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So, the agents are integrating signals from a number of sources (weighted, yes indeed) to determine their general alarm level. And once they hit their threshold, they act. That seems to me to be equivalent to what you've said above, just continuous instead of discrete.
I don't follow once we get to the infinite-state Markov chain. How does it have any implications for the distribution? In other words, it seems like the markov chain representation is just a way of making a histogram of the agents' thresholds... what am I missing?
Note also that one of the signals the agents integrate is "who else has already evacuated", which would violate one of the assumptions for markov processes, no?
Oh, the chain is just to think about it in a different way. The point is that if the person is truly Markovian, the most no-information idea is to wrap all of the X_i states together into a single state, with probability p of "run like hell" and probability 1-p of "stay." In this context, the distribution of thresholds is geometric, and making it normal is the odd thing, not somehow a default. [Sorry--somehow I thought I'd written that, but I guess I just thought it...]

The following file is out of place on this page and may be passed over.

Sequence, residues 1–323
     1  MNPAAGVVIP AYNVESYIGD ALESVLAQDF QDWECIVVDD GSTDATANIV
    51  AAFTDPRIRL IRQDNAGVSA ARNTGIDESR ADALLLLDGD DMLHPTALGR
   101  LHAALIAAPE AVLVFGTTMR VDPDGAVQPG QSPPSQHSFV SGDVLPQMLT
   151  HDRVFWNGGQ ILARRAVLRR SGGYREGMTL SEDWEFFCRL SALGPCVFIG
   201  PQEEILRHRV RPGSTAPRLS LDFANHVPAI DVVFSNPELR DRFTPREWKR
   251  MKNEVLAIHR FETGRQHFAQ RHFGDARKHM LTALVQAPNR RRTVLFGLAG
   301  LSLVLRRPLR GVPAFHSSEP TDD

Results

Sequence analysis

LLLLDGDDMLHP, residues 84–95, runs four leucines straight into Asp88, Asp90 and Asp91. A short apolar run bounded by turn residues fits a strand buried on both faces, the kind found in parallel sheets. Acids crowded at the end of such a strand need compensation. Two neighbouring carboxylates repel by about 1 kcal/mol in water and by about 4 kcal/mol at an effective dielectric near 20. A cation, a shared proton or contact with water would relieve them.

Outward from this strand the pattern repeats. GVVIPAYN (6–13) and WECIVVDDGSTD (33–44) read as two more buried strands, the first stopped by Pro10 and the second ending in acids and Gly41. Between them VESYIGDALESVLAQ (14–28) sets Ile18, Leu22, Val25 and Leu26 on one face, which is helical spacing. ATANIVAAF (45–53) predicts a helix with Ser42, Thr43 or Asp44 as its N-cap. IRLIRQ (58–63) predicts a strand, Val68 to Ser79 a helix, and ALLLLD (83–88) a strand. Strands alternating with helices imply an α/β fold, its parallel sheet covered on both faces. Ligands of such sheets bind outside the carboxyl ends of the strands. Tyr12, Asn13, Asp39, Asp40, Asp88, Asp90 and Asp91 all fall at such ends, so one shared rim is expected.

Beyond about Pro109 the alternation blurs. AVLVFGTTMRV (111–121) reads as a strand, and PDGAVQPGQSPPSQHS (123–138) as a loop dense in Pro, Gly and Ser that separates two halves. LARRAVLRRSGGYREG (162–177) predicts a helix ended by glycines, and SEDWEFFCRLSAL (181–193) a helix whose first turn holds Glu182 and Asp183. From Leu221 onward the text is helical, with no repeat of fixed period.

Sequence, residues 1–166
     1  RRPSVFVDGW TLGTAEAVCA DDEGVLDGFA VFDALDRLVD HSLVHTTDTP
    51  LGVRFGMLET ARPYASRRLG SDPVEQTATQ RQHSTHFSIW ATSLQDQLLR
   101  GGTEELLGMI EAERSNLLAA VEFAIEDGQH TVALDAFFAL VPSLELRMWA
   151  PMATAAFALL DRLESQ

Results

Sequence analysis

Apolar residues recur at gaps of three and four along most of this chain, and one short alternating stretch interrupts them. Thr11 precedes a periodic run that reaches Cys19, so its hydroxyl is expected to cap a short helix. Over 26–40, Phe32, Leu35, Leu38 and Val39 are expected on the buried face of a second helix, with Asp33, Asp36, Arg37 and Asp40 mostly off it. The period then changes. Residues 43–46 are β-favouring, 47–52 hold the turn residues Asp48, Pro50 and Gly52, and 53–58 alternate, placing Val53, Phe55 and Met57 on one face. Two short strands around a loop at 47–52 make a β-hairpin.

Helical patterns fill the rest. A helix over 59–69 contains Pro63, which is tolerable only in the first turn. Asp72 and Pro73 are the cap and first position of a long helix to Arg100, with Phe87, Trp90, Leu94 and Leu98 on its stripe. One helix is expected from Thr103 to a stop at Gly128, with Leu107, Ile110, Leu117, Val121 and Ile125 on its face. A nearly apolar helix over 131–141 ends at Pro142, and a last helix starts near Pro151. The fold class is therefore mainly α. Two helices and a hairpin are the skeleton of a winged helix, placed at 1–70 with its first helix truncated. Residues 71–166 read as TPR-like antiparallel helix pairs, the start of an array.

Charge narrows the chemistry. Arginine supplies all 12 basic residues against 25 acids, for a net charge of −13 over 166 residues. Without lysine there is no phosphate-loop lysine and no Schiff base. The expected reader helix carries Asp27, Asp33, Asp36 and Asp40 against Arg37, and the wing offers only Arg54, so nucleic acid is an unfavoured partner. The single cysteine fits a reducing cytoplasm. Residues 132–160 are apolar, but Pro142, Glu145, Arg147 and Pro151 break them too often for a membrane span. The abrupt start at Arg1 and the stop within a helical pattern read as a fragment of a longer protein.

Yes, "who's already gone" would violate the Markovianness.
Ah! Okay, gotcha. Yeah, I think people are definitely non-Markovian in their decision process.
I'll fool around with gammas some. (Hopefully, when we do some sensitivity analysis of the model, one of the things we'll find out is that the details of the distribution of thresholds is not especially important. That'd be convenient.)
There's a few decent handbooks on basic distributions that are a sensible thing to have on your shelf. I don't have any of them (I have a mathematical statistics book), but getting one of them is sensible. | |